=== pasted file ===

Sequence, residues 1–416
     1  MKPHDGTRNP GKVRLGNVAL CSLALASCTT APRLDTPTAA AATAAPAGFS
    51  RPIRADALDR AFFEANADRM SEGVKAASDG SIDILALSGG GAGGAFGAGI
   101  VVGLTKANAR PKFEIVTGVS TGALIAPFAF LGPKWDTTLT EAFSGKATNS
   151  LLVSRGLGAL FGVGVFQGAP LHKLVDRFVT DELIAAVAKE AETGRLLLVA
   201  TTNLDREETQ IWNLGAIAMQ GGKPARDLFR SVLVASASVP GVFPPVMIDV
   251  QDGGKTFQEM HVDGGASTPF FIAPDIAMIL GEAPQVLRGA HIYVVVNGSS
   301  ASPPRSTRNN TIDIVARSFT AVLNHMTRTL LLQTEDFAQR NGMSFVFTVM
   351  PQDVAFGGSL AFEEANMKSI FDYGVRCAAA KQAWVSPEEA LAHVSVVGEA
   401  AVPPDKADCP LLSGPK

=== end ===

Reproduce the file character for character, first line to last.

Sequence, residues 1–416
     1  MKPHDGTRNP GKVRLGNVAL CSLALASCTT APRLDTPTAA AATAAPAGFS
    51  RPIRADALDR AFFEANADRM SEGVKAASDG SIDILALSGG GAGGAFGAGI
   101  VVGLTKANAR PKFEIVTGVS TGALIAPFAF LGPKWDTTLT EAFSGKATNS
   151  LLVSRGLGAL FGVGVFQGAP LHKLVDRFVT DELIAAVAKE AETGRLLLVA
   201  TTNLDREETQ IWNLGAIAMQ GGKPARDLFR SVLVASASVP GVFPPVMIDV
   251  QDGGKTFQEM HVDGGASTPF FIAPDIAMIL GEAPQVLRGA HIYVVVNGSS
   301  ASPPRSTRNN TIDIVARSFT AVLNHMTRTL LLQTEDFAQR NGMSFVFTVM
   351  PQDVAFGGSL AFEEANMKSI FDYGVRCAAA KQAWVSPEEA LAHVSVVGEA
   401  AVPPDKADCP LLSGPK